Generations at Risk: Reproductive Health and the Environment

By Ted Schettler | Go to book overview

1
Reproductive and Developmental
Physiology

The reproductive system is a complex, interconnected set of organs, tissues, and hormones that together make possible the birth of new generations. Not only the structure but also the function of the reproductive system may be harmed by exposure to environmental agents. Reproductive toxicants may directly damage the ovaries, testes, or other critical organs and cause abnormalities in sperm, ovulation, or hormone levels. The genetic makeup of an individual (genotype) only partially determines the course of fetal and childhood development. Ultimately, the outward expression of genetic makeup (phenotype) is a result of interactions between the genotype and the environment. Embryonic or fetal development may be altered by developmental toxicants, resulting in problems that range from birth defects to neurobehavioral disorders to cancer.

We have learned about normal and abnormal reproduction and development from observations in humans and other mammalian species with remarkably similar processes. From the earliest moments of its development, the reproductive system is exquisitely fine-tuned, and at times it is quite vulnerable. Similarly, normal fetal development depends on an orchestrated cascade of events characterized by periods of vulnerability to disruption. Communications among organs or tissues, essential for normal reproduction and development, are mediated by chemical messengers, including hormones.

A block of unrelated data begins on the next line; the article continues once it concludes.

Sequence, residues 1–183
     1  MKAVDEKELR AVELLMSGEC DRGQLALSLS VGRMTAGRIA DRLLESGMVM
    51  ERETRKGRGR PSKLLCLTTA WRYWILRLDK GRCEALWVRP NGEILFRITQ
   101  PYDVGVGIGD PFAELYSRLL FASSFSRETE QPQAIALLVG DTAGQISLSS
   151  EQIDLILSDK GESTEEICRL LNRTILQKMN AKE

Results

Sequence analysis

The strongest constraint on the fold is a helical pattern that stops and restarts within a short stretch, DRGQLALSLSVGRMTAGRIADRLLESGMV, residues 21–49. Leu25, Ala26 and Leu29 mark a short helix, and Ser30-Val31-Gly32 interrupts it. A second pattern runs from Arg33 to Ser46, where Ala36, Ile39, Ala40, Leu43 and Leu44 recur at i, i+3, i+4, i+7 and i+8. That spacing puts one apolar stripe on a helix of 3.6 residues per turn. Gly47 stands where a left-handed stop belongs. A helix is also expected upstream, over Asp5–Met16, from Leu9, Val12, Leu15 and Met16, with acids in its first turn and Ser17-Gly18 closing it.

The following brief summary of normal human reproduction and development, and their vulnerability to hazardous exposures, sets the

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